Tuesday, November 24, 2009


I'm wondering why we never give appreciation to the individual who made Thanksgiving possible. Most of us think only of eating enough to feed a small village and then fall asleep in our cushy leather recliner. I think the true story of Thanksgiving will make you ponder gratitude.

He was a Patuxet Indian, and his name was Squanto. His story is remarkable. When he was a young man, he went to England on a trading ship. He was made part of an Indian Exhibit on a London stage, he worked as a servant, was tricked into going on board a slave ship to Spain where he was sold.

Luckily, he fell into the hands of a group of friars at a Catholic monastery. They freed him and turned him into a Christian. By the time he located a ship captain that would agree to take him home, twelve years had passed. When he returned home, there was no trace of his family or friends. They had all been struck with a great sickness. Every one of them had died. He was the last of his tribe, but at least he could speak english. Heh.

Squanto was the one who showed the Pilgrims how to build warm houses. Then, taught them when and where to plant. He showed them how use fish for fertilizer to grow corn faster. He even taught the women how to cook the corn. He acted as an interpreter, guide, and gave advice on bargaining with the natives. Without him, the pilgrims would never have survived the season.
After further investigation, I found there was one particular pilgrim woman who rankled Squanto to the edge of insanity. It turns out she was the great great great great grandmother of Martha Stewart. Her name was Martha Wart, the daughter of Stu and Penelope Wart. It seems she delighted in following after Squanto to improve on his demonstrations of planting and cooking.

Martha Wart was the first woman to use lobster claws to hold the corners of the tablecloths down when feasting outside. She served Brunswick stew richly seasoned with her very own garden herbs and often substituted squirrel or oppossum for deer. Squanto was used to one-pot meals but Martha rarely stuck to one pot. Often, she served Racoon wraps with her soups and stews and used sun-dried ceramic plates which she had fashioned from the loamy soil from her courtyard.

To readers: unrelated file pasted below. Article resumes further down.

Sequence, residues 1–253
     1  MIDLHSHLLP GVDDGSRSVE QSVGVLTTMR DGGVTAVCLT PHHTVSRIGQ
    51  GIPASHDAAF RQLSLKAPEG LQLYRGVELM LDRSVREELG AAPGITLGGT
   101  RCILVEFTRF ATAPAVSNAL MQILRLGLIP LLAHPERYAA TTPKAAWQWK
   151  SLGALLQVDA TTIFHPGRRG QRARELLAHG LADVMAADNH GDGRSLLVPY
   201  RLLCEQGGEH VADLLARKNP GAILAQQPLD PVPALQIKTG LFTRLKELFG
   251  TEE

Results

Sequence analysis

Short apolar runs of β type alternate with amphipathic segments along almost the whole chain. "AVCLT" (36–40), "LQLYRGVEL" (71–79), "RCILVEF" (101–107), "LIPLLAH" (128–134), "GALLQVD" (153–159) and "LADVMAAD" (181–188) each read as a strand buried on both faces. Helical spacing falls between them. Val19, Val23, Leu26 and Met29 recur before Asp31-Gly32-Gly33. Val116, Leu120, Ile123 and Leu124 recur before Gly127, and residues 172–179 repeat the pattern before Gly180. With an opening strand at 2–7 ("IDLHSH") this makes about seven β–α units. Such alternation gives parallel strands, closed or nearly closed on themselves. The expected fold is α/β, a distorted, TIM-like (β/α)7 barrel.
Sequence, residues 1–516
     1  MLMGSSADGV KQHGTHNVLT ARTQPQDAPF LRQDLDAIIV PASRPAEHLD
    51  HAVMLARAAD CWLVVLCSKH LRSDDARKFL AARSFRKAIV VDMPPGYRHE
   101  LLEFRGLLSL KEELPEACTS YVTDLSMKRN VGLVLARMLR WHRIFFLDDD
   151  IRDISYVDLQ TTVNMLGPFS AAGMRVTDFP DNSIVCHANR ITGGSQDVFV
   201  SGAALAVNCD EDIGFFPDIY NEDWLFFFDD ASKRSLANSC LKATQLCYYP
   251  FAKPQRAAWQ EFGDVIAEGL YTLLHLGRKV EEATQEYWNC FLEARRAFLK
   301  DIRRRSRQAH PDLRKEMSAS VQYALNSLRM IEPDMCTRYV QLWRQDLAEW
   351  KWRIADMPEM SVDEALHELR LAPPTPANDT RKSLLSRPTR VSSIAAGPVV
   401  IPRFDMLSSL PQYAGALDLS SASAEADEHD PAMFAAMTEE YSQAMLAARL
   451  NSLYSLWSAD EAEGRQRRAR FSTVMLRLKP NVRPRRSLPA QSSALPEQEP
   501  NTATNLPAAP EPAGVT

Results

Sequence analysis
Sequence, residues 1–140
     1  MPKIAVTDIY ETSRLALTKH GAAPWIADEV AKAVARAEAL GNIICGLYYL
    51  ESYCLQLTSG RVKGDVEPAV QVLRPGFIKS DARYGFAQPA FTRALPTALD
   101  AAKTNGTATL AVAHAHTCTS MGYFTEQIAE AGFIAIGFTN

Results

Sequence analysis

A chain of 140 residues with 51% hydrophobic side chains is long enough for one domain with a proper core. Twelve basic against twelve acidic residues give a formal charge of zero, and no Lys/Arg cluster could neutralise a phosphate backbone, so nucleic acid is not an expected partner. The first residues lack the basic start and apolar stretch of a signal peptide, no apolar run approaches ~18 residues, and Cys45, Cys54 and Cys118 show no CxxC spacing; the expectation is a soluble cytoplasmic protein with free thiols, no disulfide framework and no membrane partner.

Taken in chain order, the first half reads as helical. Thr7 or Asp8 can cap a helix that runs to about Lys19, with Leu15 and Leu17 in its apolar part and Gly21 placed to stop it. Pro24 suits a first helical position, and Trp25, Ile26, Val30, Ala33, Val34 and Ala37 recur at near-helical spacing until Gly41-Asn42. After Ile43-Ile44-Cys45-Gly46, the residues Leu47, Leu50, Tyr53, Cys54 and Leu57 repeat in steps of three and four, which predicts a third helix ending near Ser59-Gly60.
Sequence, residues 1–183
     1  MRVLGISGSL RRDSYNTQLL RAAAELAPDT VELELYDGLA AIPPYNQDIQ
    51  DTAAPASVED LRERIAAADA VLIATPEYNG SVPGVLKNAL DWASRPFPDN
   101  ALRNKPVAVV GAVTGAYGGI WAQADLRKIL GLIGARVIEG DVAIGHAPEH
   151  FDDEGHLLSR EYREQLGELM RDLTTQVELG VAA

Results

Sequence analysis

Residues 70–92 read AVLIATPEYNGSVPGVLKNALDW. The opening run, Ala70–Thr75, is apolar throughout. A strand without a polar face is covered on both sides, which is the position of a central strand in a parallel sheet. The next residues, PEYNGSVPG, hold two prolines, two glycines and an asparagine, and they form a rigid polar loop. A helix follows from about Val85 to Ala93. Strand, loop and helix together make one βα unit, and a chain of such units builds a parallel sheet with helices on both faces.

It wasn't unusual to see her gathering sweet gum tree spurs to make place cards for the harvest festivals. She showed Squanto how to make decorative turkeys from autumn leaves and roasted nuts over an open fire using a wire basket she molded from abandoned horse shoes. She constructed a still made from a boiler chamber and pipes she smuggled aboard ship.
Soon she had a wonderful mix of homemade vodka that served as the core of many 'happy hours', which she named them. Blackberry crushes and Lemon Shadies wer the favorite drinks of the ladies while the men preferred her brew strait from the jug. They showed Squanto how to do shots.

It has always been believed that Squanto died of pneumonia however there were some questions when the mortician found a lovely organza draw string bag sewn to the inside of his deer skin jacket, filled with dried buds, barks, roots, seeds and berries. Martha explained that it was for luck, however it was suspected that some of the ingredients, when mixed together formed a lethal bacteria.
The Pilgrims mourned Squanto's passing and held a wake lasting more than a week. Of course, Martha was head of the entertainment committee. Soon after, the women began asking Martha for tips for gardening, decorating and cooking. The rest is history.

No comments:

Post a Comment